In November 1832, the Christian Church was organized in Hopkinsville, Kentucky. A small band of Barton W. Stone’s Christians met in the area. With the merger of Christians and Reformers (Disciples of Christ) in Lexington at the beginning of the year, efforts had been made to reach out far and wide to determine ways unity could prevail in all locales. Hopkinsville was no different. With the assistance of Isaiah Boone, Dr. A. Adams, and William Davenport, a unity meeting was held. The first members were Miles Gray, R.S. Dulin, Thomas Poindexter, Phoebe Poindexter, Martha Williams, Samuel Calloway, Athelia Calloway, Samuel Harry, Mary Harry, George Poindexter, Joseph Stewart, Charles Stewart, B.F. Shields. Elizabeth Shipp, B.T. Wood, and Eliza Rowland. At a meeting in December, elders were appointed: R.S. Dulin. Miles Gray, and S.W. Calloway. (Counties of Christians and Trigg, Kentucky, Williams Henry Perrin, c.1884, p.233) Boone became the first preacher. He was said to be, “an orator and a fearless champion of the ancient gospel.” (John T. Brown, Churches of Christ, c. 1904, p.554).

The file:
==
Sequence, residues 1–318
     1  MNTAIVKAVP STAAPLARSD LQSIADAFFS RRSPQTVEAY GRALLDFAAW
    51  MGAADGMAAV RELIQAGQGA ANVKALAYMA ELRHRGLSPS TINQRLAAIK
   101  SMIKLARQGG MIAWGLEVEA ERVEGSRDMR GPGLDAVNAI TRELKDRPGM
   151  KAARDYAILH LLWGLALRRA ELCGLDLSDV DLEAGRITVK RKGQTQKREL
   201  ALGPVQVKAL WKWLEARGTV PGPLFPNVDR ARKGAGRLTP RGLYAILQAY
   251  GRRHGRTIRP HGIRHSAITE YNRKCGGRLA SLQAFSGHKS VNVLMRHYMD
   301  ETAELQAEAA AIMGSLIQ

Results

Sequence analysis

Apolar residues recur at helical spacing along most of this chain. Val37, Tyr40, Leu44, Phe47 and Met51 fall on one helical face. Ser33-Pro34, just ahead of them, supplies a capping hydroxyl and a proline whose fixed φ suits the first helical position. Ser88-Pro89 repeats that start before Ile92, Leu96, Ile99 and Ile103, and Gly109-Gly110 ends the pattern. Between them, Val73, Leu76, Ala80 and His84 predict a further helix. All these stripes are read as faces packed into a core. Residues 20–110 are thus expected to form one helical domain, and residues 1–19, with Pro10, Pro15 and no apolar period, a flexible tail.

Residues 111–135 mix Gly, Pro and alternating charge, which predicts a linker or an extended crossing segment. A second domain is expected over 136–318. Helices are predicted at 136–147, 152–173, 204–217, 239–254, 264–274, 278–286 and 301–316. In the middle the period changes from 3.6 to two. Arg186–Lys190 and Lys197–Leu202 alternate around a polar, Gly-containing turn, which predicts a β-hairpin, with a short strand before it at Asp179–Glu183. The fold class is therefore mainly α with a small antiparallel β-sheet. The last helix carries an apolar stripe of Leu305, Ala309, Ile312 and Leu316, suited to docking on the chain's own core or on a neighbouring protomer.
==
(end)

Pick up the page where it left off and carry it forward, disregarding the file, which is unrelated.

In a letter written to Alexander Campbell at The Millennial Harbinger, Elder Isaiah Boone was described as, “a close, logical reasoner; a man of fine fancy; of warm feeling; of great patience; communicative and instructive in private intercourse; fond of innocent satire. In his public exhibitions he shows himself a master workman. The cogency of his reasoning, the beauty of his imagery, his happy illustrations, added to his fine flowing language, elevate him in the estimation of all. The beauties of the gospel appear of late to have burst upon his mind like a column of light, and he seems enraptured with its glories. I have heard him upon faith, the work of the Holy Spirit in the salvation of man, and the all-sufficiency of the word. On these subjects, and many others, he is like Sampson among the Philistines. He has come out full in favor of Reformation. He is truly an eloquent man, and mighty in the Scriptures. (Stephen, MH, 1930, p.427)